District qualifiers to represent their respective Districts at the team
Northwest (1) - Orcas High School (Eastsound, WA)
Pacific Coast (3) - Point Loma HS (San Diego, CA); Newport Harbor HS
(Newport Beach, CA); Corona del Mar HS (Newport Beach, CA)
New England (2) -The Hotchkiss School (Lakeville, CT); Tabor Academy
Mid Atlantic (2) -Norfolk Collegiate HS (Norfolk, VA); Annapolis HS
South Atlantic (2) -Antilles HS (St. Thomas, VI); St. Thomas Aquinas HS
(Fort Lauderdale, FL)
Midwest (1) - Lake Forest HS (Lake Forest, IL)
Southeast (1) - St. Stanislaus HS (Bay St. Louis, MS)
Event details: http://www.sailvisa.com
ISSA Facebook page: http://tinyurl.com/ISSA-Facebook
ISSA website: http://www.highschoolsailingusa.org
CLASS HONORS FOR ULLMAN CUSTOMERS IN VASHON ISLAND RACE
Seattle Yacht Club held its Vashon Island/Pt. Robinson Race last weekend
where Ullman Sails customers claimed first in class on both courses!
Congratulations to Charles Hill and his team on Wauquiez Centurion 40
"Different Drummer" for winning first in class and first overall in the Pt.
Robinson short course fleet. And Iain Christenson and his team finished
with top honors on the Dash 34 "Izakaya," placing first in class and second
overall in the around-Vashon fleet. Both boats competed with 100% Ullman
Sails inventories. The race is the second in SYC's Tri-Island/Tri-Point
Invest in your performance. http://www.ullmansails.com
FIXING THE FLAWS
The latest release of the ISAF Match Race rankings (May 18, 2011) show
there is no change at the top of the Open Rankings with Ben Ainslie (GBR)
staying at #1 ahead of Adam Minoprio (NZL) at #2. Lucy MacGregor (GBR)
returns to the #1 position of the Women's rankings, with a big gain by
Sally Barkow (USA) to move up five places to match her lifetime best of #3.
The European match racing season is in full swing with the 2011 World Match
Racing Tour kicking off in France and two ISAF Sailing World Cup regattas
adding points to the women's Rankings.
One of the long held flaws with the ranking system is that it is based on a
formula which adds together a skipper's best scores over two years. The
formula is wise to grade the difficulty of each event and provide bonus
points for the bigger wins, but the two year period allows for people to
maintain a high ranking long after they have earned it. This is the example
for Ainslie and Minoprio, who left the match race circuit last December and
are now focused on the Olympics and Volvo Ocean Race, respectively.
This situation also occurs after each Olympic Games, where the top athletes
can maintain their high ranking in their event despite not sailing for a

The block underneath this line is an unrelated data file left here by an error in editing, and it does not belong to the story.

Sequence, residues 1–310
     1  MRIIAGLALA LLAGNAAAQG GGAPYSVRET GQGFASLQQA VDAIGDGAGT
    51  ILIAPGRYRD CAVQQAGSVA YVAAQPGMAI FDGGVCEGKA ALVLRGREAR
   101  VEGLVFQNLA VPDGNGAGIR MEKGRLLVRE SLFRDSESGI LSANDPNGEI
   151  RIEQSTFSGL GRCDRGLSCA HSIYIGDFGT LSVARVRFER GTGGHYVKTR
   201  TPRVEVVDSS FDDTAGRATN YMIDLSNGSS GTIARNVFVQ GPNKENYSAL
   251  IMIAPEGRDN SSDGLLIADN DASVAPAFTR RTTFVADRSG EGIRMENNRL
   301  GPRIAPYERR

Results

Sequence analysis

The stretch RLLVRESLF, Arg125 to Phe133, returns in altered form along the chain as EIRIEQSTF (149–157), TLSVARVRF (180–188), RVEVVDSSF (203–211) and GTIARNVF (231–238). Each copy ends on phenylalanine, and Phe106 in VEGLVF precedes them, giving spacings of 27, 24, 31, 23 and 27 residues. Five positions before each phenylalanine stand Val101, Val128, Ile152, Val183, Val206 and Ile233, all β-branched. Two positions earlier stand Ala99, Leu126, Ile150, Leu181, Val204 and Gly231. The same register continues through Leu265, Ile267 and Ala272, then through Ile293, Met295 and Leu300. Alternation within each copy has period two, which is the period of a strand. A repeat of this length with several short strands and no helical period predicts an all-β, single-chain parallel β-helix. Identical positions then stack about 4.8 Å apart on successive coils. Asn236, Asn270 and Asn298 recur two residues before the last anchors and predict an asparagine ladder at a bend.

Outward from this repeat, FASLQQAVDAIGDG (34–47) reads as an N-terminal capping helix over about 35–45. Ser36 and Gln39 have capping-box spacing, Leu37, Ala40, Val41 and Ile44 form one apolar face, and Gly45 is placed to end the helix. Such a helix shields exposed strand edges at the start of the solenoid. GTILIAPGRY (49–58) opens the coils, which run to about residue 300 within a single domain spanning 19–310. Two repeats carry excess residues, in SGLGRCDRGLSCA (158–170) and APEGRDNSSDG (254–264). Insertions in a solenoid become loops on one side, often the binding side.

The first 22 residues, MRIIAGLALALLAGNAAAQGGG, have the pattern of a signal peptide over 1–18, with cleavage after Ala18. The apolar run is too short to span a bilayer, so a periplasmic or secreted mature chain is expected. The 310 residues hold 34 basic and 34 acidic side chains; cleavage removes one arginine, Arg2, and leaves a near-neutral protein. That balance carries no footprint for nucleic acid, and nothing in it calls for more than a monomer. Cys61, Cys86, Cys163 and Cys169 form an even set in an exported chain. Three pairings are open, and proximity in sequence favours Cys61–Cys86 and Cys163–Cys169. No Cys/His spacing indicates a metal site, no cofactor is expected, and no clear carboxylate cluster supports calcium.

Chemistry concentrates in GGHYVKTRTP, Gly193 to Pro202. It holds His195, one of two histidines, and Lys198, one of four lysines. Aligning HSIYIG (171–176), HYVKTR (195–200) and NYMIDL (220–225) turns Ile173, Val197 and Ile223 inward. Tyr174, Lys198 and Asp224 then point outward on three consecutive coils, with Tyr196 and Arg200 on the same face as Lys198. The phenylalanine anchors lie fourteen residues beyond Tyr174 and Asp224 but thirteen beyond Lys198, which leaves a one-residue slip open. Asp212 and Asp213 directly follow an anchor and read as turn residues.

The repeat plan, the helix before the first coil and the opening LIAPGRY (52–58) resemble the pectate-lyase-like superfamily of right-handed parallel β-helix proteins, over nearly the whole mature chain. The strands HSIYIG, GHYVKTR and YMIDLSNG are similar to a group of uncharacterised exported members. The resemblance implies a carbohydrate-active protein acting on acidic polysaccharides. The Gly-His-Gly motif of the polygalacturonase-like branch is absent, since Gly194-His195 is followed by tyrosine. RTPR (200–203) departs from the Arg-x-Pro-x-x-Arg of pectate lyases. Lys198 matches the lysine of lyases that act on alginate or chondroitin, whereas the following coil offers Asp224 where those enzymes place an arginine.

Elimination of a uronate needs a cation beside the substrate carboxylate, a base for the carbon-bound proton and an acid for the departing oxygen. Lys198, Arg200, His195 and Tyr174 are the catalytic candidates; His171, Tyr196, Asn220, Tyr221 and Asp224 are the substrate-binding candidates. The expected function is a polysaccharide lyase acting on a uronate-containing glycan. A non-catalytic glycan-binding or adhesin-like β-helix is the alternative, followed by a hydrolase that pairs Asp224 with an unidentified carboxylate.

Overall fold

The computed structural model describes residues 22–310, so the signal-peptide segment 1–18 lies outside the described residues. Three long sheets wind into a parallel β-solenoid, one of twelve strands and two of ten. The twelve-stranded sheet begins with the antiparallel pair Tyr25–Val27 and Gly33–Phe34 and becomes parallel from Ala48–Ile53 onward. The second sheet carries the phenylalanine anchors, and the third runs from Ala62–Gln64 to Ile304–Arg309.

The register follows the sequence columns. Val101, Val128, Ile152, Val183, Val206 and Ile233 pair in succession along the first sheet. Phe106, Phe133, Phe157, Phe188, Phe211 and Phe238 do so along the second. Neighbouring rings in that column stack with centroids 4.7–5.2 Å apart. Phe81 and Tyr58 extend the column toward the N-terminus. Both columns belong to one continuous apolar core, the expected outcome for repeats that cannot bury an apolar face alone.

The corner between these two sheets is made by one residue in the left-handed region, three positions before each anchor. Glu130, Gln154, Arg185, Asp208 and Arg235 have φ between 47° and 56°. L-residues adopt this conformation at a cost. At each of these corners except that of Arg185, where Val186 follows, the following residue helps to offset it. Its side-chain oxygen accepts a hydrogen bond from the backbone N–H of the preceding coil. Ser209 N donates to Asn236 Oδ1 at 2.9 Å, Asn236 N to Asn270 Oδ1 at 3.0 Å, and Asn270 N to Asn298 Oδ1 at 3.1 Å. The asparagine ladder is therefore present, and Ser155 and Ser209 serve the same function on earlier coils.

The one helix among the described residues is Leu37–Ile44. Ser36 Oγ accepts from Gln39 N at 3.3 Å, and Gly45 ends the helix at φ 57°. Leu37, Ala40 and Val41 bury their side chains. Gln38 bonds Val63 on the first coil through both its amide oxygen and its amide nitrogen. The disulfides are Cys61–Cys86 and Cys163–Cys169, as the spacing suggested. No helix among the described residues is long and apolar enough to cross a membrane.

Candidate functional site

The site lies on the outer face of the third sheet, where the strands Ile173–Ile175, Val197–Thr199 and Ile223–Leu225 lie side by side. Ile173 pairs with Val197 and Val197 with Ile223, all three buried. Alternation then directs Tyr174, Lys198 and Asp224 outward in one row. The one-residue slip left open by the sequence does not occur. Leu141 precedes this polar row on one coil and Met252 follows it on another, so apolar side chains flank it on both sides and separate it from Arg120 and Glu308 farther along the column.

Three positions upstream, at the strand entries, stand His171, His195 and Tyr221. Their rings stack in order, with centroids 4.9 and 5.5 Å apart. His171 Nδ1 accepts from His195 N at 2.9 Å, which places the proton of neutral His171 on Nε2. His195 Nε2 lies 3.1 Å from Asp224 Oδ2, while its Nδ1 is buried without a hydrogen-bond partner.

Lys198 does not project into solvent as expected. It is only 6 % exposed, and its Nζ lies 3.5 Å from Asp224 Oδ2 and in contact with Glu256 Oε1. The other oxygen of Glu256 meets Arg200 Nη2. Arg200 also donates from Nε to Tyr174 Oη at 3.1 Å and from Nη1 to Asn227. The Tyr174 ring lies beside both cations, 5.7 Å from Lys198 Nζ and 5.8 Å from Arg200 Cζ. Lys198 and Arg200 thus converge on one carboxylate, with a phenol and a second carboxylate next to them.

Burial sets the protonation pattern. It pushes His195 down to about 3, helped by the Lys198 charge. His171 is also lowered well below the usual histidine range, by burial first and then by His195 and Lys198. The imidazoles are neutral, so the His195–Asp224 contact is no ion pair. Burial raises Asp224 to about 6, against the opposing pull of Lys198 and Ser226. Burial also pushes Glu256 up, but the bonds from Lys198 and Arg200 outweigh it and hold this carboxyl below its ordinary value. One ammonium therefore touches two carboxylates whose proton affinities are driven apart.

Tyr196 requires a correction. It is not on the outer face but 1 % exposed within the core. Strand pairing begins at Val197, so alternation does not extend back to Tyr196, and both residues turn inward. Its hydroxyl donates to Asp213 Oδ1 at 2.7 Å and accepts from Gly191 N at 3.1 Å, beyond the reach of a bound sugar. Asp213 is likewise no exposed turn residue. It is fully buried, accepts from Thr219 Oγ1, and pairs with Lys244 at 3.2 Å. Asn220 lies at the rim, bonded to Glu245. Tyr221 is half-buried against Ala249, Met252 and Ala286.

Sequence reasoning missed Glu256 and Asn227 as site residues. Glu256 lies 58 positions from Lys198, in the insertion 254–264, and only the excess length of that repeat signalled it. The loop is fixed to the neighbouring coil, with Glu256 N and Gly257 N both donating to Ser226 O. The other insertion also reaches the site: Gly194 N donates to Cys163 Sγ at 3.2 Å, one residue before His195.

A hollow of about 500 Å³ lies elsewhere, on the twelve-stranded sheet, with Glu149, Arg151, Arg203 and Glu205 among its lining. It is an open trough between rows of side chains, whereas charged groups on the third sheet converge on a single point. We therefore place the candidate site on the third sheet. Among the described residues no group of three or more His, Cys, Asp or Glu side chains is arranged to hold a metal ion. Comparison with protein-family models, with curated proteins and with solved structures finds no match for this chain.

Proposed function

year (or moving on to another event). Fortunately, ISAF addressed this flaw
for the Olympic events at their Mid-Year meeting this month. A new ranking
system will be operational from 2013 onwards, merging with the Sailing
World Cup rankings, and will provide a yearly assessment of the top
athletes based on their performance in World Cup events and top class
The next release of the ISAF World Match Race Rankings will be 6 July 2011.
Latest ranking information: http://www.sailing.org/35935.php
CALENDAR OF MAJOR EVENTS (Sponsored by West Marine)
Is your event listed on the Scuttlebutt Event Calendar? This free,
self-serve tool is the easiest way to communicate to both sailors and
sailing media. These are some of the events listed on the calendar for this
May 20-22 - Sperry Top-Sider NOOD Regatta - Seattle, WA, USA
May 21 - Charleston Bermuda Race - Charleston, SC, USA
May 21-22 - Live On The Edge - Eugene, OR, USA
May 21-22 - Sailing Supply Etchells Orca Bowl - San Diego, CA, USA
View all the events at http://www.sailingscuttlebutt.com/calendar
INDUSTRY NEWS UPDATES
The Industry News category of the Scuttlebutt Forum provides an opportunity
for companies to announce new products and services. Here are some of
* Sailing Trophies by Noble Awards
* Yacht Broker Paul Buttrose Joins Sparkman & Stephens
* New Offshore Sailors Night Vision Nylon Cap
View and/or post Industry News updates here:
* Bristol Marine Holdings LLC recently purchased the 45,600-square-foot
building that Goetz Custom Boats formerly occupied in Bristol, R.I. The
facility will accommodate new and growing businesses in the marine trades
industries, with a composite engineering and manufacturing company to be
the initial anchor tenant. Established in 1998, Bristol Marine Holdings
owns and operates, through its subsidiaries, more than 30 acres of
commercial real estate in Bristol. -- Soundings, full story:
* (May 18, 2011; Day 5) - After recording some of the fastest 24 hour runs
of the race on leaving Charleston SC (USA) for the start of ocean sprint
five last Saturday, the fleet of four Eco 60s in the VELUX 5 OCEANS have
reached the end of the high speed gulf stream highway, and are now engulfed
in a high pressure system sitting off the coast of Nova Scotia, Canada.
Overall leader Brad Van Liew (USA) holds a 25 nm lead on Chris
Stanmore-Major (GBR) with 2502 nm to the finish in La Rochelle, France. --
* Cascais , Portugal (May 18, 2011) - With six new builds prepared for the
five event 2011 TP52 Audi MedCup Circuit, it was one of the debutants, Udo